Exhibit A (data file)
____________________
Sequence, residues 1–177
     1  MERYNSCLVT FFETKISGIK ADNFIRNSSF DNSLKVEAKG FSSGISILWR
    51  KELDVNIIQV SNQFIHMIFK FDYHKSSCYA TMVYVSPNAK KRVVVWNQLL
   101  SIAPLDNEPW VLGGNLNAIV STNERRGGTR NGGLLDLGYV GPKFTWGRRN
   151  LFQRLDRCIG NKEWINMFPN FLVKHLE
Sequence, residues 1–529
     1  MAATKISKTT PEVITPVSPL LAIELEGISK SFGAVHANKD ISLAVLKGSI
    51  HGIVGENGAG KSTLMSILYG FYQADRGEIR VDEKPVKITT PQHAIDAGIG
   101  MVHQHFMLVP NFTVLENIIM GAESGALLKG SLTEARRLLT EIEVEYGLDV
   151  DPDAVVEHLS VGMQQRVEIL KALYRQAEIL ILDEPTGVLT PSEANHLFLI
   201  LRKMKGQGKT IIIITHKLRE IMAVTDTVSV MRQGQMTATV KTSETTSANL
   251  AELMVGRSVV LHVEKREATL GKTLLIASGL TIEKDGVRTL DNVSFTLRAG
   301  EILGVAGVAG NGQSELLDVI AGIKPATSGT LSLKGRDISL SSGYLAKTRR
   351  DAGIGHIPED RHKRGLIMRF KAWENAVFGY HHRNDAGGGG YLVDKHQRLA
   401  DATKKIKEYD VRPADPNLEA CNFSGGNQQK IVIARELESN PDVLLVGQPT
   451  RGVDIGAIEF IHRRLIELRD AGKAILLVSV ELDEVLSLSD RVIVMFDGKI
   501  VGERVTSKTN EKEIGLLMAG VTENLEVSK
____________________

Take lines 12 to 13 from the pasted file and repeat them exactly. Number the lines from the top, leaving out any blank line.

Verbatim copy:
   251  AELMVGRSVV LHVEKREATL GKTLLIASGL TIEKDGVRTL DNVSFTLRAG
   301  EILGVAGVAG NGQSELLDVI AGIKPATSGT LSLKGRDISL SSGYLAKTRR